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02/03/2013
Niccolò Paganini: Moto perpetuo in C, opus 11 – Violin Concerto n° 5 in A minor (orch. Federico Mompellio) – I palpiti, opus 13: Introductions and Variations on the theme ‘Di tanti palpiti’ from Rossini’s opera ‘Tancredi’
Ivan Pochekin (Violin), Russian Philharmonic Orchestra, Dmitry Yablonsky (Conductor)
Recording: Studio 5, Russian State TV & Radio Company, KULTURA, Moscow, Russia (August 28-31, 2011) – 56’13
Naxos #8.570487 – Booklet in English









Intricacies of Frédéric Chopin, Franz Liszt and Robert Schumann were undoubtedly inspired by fellow Niccolò Paganini. Paganini followed in the footsteps of his father, demonstrating prolific capabilities at an early age, and ultimately brought violin a new standard of excellence featuring ambitious ornamentation and masterful technique. Listening to Paganini’s pieces is virtuosity extrordinaire.


The dizzying Moto perpetuo is like a whirling dervish of semiquavers paced to a presto metronome, a piece that knows no boundaries of letting up until the final note has been played. Muscovite Ivan Pochekin is undaunted by the tempo, and he never concedes defeat in what is, perhaps, the most stressful stringed composition in existence.


Paganini created only six concertos, and he was quite protective of his music. The Violin Concerto n° 5 in A minor has an interesting twist in that only the violin solo section survived. It wasn’t until the 20th century that Italian musicologist Federico Mompellio completed the orchestration, only to receive its premiere in 1959. The “Allegro maestoso” opens with majestic gravity that intermittently weaves a dialogue of flute and oboe during stretches of da capo. After sidelining for five minutes, Pochekin returns and ratchets up the movement with his own fiery rendition within the piece’s subsections.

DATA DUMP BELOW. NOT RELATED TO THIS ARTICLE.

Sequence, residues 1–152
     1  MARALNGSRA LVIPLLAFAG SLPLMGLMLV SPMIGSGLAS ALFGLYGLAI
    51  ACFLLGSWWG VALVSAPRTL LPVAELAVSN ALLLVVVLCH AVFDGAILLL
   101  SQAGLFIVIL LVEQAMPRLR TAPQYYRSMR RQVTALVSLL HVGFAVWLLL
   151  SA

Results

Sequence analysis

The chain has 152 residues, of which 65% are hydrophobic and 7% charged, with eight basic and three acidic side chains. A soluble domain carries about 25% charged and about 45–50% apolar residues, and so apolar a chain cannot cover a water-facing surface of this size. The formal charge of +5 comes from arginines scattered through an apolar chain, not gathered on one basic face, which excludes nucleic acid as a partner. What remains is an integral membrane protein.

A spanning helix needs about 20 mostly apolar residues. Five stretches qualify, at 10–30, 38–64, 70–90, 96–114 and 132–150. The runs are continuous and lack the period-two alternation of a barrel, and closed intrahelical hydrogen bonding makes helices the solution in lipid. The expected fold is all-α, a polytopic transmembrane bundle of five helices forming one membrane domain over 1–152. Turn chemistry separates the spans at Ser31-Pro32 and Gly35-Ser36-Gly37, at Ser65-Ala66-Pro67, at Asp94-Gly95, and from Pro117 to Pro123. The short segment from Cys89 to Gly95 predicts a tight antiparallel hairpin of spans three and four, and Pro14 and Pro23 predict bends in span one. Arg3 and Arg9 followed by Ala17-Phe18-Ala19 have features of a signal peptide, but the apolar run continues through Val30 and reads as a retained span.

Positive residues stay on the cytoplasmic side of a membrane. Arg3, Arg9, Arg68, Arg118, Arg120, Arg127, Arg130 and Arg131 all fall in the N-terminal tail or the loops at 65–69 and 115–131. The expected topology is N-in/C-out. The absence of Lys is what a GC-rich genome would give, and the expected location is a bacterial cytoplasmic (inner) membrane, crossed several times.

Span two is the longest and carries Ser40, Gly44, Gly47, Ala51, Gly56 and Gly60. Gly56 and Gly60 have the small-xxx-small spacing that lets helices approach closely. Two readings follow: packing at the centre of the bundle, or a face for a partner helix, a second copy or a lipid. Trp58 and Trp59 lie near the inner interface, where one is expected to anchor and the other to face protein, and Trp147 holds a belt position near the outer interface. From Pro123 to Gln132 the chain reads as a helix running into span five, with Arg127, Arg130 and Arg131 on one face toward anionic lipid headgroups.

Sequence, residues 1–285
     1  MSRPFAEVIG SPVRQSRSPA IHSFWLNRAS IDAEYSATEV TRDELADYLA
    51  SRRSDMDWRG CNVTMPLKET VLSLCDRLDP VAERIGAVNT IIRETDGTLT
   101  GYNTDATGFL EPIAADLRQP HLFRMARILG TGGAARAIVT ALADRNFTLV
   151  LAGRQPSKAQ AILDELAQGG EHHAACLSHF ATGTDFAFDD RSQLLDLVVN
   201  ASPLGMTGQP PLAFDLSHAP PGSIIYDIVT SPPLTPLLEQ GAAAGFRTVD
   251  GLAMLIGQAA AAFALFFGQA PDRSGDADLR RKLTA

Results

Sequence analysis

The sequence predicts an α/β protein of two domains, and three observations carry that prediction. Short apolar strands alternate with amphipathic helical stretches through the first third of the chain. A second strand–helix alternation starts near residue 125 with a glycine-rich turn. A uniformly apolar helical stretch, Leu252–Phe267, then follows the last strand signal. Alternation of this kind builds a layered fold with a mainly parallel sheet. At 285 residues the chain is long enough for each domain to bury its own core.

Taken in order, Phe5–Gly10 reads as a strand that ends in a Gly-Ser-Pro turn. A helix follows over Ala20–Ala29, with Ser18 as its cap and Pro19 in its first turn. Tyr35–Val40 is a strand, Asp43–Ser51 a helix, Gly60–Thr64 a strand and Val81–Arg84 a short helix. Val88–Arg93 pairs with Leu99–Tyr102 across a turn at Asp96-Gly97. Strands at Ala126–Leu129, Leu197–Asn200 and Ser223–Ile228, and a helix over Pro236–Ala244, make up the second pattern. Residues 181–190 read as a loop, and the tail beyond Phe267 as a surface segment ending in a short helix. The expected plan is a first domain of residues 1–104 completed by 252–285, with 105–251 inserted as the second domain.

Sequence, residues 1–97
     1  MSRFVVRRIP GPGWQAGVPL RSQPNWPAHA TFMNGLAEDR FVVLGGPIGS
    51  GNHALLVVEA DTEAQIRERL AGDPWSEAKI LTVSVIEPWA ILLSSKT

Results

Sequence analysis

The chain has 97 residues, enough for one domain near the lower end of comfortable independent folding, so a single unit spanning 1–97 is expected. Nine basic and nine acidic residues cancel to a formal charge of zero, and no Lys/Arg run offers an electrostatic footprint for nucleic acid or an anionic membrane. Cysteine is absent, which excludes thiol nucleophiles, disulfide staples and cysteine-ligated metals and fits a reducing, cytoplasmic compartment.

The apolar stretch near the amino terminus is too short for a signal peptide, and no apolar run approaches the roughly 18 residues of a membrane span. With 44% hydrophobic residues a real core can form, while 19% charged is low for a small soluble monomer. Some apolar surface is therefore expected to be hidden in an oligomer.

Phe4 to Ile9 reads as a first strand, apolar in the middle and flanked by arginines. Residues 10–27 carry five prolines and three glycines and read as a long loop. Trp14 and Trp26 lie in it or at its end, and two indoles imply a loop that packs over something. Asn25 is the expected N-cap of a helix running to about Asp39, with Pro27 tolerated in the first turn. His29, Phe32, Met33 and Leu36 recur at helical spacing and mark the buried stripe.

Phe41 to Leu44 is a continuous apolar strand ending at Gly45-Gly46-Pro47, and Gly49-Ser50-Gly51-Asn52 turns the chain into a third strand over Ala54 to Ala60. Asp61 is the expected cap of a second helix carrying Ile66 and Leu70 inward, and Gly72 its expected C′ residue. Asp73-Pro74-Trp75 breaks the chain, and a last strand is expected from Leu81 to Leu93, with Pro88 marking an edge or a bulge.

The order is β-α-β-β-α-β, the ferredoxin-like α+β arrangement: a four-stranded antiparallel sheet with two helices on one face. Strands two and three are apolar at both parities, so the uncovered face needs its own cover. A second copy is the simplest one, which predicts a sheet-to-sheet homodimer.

“Andante un poco sostenuto” wallows with impressive pensive emotion that leads into Pochekin’s conception of the “Rondo: Andantino quasi allegretto” with its tarantella-like edge and spectacular arpeggios. The conclusive three minutes is where Ivan Pochekin shines the greatest with an array of dazzling staccatos in 6/8 rhythm which are mesmerizing and magnificent.


Finally, Niccolò Paganini uses Gioacchino Rossini’s Tancredi, the melodramma eroico of 1813, as inspiration for violin extensions by honing in on title role’s cavatina, ’Di tanti palpiti.’ The variations on a theme, contained within three defined segments, allow Pochekin to let his hand set fire to his strings once again, singing with splendid array of Paganini panache.


Ivan Pochekin absorbs himself within Niccolò Paganini’s musical magic, and he demonstrates a true sense of connection with this incredibly difficult music. Sharply tuned, Pochekin evinces a sensitive edge and empathetic connection.


Christie Grimstad

 

 

 

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